Paul L. Caron

Monday, May 20, 2024

Kysar: The Global Tax Deal And The New International Economic Governance

Rebecca M. Kysar (Fordham; Google Scholar), The Global Tax Deal and the New International Economic Governance, 77 Tax L. Rev. __ (2024):

NYU Law (2016)The ethos of economic integration and trade liberation no longer reigns supreme. Instead of multilateral trade agreements, nations are turning towards protectionism and unilateralism. Yet in late 2021, nearly 140 countries agreed to a new global tax deal that is aimed at coordinating their tax systems to curtail tax competition and corporation profit shifting to tax havens, as well as constructing a new allocation of taxing rights among nations.

Although multilateral trade agreements now seem out of reach, tax multilateralism is ascendant. This is surprising given the deep tradition of national control over tax policy. It also perplexing since international tax does not exhibit the same theoretical harmony between national and worldwide welfare that international trade enjoys. The traditional account offered by economists is that trade liberalization is a rising tide that will lift all boats because countries will produce according to their competitive advantages and trade the rest, making trade suitable for international coordination. In contrast, tax is largely described as a zero-sum contest for a fixed pot of tax revenues, deeming it ill-suited for collective action.

If multilateralism in the economic sphere is dead, then how did this agreement come to be? And perhaps more puzzlingly, why did a global deal emerge in international tax, of all places? This Article attempts to explain the forces by which the global tax deal came to pass. It contends that we must look beyond traditional rationales for the explanation, instead examining the global tax deal within a broader foreign and domestic economic policy context. The Article concludes that the fall of multilateralism in the trade context and its rise in international tax can be explained by the same phenomenon—widespread dissatisfaction with the distribution of gains from globalization.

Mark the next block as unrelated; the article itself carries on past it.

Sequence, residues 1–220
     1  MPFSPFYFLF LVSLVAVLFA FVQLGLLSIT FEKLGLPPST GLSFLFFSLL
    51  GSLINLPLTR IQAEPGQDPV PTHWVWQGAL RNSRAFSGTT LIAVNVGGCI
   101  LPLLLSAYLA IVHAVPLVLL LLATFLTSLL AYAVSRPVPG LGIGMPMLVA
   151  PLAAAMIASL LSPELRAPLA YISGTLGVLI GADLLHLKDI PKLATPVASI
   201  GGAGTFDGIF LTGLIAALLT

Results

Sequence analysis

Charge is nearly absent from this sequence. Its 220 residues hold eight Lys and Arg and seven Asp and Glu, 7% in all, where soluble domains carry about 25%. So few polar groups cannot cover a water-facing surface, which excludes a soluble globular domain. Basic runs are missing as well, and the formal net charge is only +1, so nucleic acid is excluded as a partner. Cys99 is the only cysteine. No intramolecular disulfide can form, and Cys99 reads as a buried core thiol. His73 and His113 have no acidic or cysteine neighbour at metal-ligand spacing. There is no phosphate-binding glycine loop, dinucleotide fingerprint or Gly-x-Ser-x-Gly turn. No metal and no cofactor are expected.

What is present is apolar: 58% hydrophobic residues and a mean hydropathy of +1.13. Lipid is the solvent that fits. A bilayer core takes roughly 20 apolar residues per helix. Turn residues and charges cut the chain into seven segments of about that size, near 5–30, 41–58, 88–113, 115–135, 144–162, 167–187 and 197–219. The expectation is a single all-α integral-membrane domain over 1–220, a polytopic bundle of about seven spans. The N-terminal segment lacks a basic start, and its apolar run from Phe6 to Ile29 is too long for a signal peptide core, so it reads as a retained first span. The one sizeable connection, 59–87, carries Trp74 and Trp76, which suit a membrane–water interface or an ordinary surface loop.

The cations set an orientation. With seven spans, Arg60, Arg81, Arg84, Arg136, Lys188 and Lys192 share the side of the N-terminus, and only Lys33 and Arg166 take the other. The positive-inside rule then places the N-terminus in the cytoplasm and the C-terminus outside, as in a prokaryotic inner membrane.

This account not only illuminates the stakes at issue in the debate over the implementation of the new global tax system, but also extends the rationales for each of its two parts, or “Pillars,” beyond those proffered (and indeed beyond those typically discussed in international tax policy). Further, this explanation provides evidence that an alternative international economic order is emerging rather than the old Washington Consensus simply dying —one where marshaling resources to reverse fiscal austerity and address distributional concerns is on the agenda. Finally, the story of the global tax deal helps to identify troubling aspects of the new industrial and trade strategies that nations are embracing and offers alternatives to them.

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